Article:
Yet Another High-Profile Museum Director in Poland Has Been Fired From Her Post by the Local Right-Wing Government

Alicja Knast has been removed from her post as director of the Silesian Museum.

Alicja Knast, on the left, when she was curator of the Chopin Museum in Warsaw. Photo: Peter Andrews/AFP via Getty Images.

As the battle in Poland over who gets to direct the country’s museums heats up, the government in Katowice has removed a director from her post.

Alicja Knast, the director of the Silesian Museum since 2014, was dismissed on January 29 by the Silesian Province Board, the local governmental body that co-runs the public museum.

The dismissal stems from an audit of the institution’s finances in which irregularities—including “insufficient supervision” of the disposal of dismantled exhibition remnants and a failure to publish event-space rental rates—were allegedly detected. The audit was carried out by the Marshal’s Office of the Silesian Region.

But according to reports in the Polish press, the minister of culture, Piotr Gliński, stated in a letter to the regional Silesian government that he did not consider the irregularities to be sufficient grounds for dismissal. Yet Gliński still left the final decision over what action should be taken to the local government. Marcin Gwoździewicz, the province board’s culture director, has been named acting head of the museum.

Knast did not immediately respond to Artnet News’s requests for comment, but has told the Polish press that she plans to fight her dismissal in court.

When the government first announced its intention to fire Knast in late 2019, she held a press conference in which she alleged that her proposed removal was the direct result of her refusal to allow the ruling far-right Law and Justice party to hold a convention at the museum.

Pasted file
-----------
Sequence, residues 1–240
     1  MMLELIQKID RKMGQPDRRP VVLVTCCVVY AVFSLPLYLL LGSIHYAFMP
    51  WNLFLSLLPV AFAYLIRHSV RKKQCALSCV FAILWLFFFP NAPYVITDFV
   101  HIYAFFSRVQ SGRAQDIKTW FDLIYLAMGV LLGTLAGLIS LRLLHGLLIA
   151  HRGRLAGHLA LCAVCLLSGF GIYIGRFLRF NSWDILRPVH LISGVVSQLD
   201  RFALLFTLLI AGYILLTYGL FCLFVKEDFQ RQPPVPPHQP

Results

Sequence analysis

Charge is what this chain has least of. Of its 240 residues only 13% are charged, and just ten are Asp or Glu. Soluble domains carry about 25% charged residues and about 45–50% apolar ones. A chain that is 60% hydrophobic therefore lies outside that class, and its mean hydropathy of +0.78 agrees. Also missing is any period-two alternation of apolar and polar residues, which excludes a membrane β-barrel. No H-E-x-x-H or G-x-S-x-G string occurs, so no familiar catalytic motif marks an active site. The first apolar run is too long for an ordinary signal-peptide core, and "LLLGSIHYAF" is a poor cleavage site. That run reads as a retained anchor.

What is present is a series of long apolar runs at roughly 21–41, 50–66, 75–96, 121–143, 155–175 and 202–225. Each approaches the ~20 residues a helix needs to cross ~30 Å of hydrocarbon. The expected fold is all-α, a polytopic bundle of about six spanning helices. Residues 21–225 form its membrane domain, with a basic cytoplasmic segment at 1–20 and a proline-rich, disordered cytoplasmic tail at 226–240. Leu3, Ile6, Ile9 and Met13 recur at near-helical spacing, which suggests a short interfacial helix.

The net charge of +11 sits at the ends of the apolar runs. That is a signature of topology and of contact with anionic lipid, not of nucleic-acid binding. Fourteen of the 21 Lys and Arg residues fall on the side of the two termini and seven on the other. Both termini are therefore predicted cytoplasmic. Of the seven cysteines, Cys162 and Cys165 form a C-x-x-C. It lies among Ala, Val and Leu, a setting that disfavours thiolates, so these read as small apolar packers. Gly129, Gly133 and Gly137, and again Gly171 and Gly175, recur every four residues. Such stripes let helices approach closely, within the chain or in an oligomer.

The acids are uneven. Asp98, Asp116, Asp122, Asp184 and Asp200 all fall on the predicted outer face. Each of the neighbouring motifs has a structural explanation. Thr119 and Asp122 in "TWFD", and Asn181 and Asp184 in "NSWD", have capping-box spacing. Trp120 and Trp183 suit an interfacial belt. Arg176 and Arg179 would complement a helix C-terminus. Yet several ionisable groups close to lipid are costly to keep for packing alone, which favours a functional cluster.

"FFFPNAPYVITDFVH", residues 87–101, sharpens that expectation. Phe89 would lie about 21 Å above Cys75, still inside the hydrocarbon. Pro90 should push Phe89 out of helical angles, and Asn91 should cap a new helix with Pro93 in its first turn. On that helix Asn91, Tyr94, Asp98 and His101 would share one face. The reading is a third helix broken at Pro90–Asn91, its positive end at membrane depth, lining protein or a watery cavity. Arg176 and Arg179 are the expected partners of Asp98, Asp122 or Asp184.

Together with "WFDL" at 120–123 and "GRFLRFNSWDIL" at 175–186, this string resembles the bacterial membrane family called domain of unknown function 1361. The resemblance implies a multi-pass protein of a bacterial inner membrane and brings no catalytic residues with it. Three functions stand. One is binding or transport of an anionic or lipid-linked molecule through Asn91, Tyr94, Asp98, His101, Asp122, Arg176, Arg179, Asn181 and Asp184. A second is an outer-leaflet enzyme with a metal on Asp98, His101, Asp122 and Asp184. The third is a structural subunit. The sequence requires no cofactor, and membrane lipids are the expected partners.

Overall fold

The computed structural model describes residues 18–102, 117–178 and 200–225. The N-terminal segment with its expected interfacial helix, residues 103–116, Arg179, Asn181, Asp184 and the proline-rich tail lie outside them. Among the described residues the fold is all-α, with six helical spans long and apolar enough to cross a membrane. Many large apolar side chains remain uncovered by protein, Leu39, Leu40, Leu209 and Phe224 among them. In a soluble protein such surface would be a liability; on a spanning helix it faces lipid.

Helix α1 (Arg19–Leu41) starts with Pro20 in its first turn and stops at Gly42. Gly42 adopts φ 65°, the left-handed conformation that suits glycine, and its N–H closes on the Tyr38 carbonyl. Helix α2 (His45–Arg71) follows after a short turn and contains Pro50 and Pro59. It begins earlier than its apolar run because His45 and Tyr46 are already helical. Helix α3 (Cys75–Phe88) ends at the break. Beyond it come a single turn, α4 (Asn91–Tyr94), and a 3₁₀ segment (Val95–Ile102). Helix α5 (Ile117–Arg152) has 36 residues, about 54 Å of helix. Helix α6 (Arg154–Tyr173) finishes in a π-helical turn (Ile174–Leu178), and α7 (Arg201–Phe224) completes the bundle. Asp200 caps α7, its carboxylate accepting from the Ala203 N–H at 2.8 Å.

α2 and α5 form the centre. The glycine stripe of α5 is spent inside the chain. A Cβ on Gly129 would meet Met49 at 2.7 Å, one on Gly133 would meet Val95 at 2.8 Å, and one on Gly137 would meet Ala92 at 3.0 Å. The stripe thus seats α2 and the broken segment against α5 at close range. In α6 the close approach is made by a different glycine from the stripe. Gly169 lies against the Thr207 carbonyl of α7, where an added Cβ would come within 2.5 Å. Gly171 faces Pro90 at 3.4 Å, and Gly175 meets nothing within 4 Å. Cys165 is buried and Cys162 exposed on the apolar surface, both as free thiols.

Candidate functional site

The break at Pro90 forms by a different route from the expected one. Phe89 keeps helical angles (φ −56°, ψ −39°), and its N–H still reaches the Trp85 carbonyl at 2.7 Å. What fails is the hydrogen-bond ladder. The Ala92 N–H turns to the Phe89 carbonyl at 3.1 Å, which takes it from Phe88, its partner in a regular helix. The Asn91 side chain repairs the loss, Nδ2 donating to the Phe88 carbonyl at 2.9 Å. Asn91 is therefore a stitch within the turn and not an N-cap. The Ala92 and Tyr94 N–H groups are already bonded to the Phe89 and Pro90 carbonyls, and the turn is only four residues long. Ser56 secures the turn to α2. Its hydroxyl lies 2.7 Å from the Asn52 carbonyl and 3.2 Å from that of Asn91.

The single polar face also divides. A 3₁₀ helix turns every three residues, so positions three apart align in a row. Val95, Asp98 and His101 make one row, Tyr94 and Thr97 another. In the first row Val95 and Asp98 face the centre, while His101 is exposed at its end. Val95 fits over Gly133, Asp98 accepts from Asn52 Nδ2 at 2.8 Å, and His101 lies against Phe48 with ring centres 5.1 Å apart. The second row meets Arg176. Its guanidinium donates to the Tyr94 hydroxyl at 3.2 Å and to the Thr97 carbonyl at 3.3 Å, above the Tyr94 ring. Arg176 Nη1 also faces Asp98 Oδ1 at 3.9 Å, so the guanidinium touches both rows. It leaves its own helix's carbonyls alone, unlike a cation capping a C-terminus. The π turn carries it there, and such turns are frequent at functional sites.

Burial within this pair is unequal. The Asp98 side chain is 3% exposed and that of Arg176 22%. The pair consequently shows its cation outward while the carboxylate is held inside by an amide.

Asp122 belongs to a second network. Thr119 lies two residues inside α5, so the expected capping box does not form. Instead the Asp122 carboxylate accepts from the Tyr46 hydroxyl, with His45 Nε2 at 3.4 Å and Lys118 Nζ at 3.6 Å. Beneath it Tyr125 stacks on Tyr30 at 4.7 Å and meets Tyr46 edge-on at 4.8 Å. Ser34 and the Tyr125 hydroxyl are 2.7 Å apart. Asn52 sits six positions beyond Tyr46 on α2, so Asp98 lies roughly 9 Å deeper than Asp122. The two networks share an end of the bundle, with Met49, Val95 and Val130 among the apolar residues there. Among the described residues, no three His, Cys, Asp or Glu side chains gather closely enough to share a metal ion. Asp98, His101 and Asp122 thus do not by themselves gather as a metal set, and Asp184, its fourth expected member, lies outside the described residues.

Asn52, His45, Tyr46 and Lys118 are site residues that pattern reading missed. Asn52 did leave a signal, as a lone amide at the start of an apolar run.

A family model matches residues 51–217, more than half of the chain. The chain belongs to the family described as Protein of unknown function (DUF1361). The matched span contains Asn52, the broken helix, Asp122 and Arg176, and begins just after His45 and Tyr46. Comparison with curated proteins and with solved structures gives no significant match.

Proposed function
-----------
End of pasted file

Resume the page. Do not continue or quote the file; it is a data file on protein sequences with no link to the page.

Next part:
Prime Minister Mateusz Morawiecki, who was then campaigning for re-election, would have taken part in the convention.

Knast said she felt that direct political activity had no place in the museum, but she eventually conceded and green-lit the event when she received what she called an “ultimatum”: the museum’s future depended on her approval of the convention. 

In December 2019, just weeks before her dismissal by politicians of the very same ruling party, Knast received a “Gloria Artis” medal from the deputy minister of culture, Jarosław Sellin, for her contribution to culture in Poland. 

Knast was appointed to helm the museum in 2014 when it was about to lose crucial funding from the European Union while delays plagued the construction of a new subterranean addition. She led the institution to its successful reopening in June 2015, and the museum has since received architectural awards, with some crediting the institution with reviving cultural life in the Katowice.

A seasoned curator and museum director, Knast was involved in the establishment of two major museums prior to her appointment to the Silesian Museum: the Chopin Museum in Warsaw, which opened in 2010; and the Polin Museum of the History of Polish Jews, which opened in 2013.

The Polin Museum is currently also in the throes of political interference with its leadership, as the country’s culture minister has neglected to formally appoint its chosen director, Dariusz Stola, since last February.

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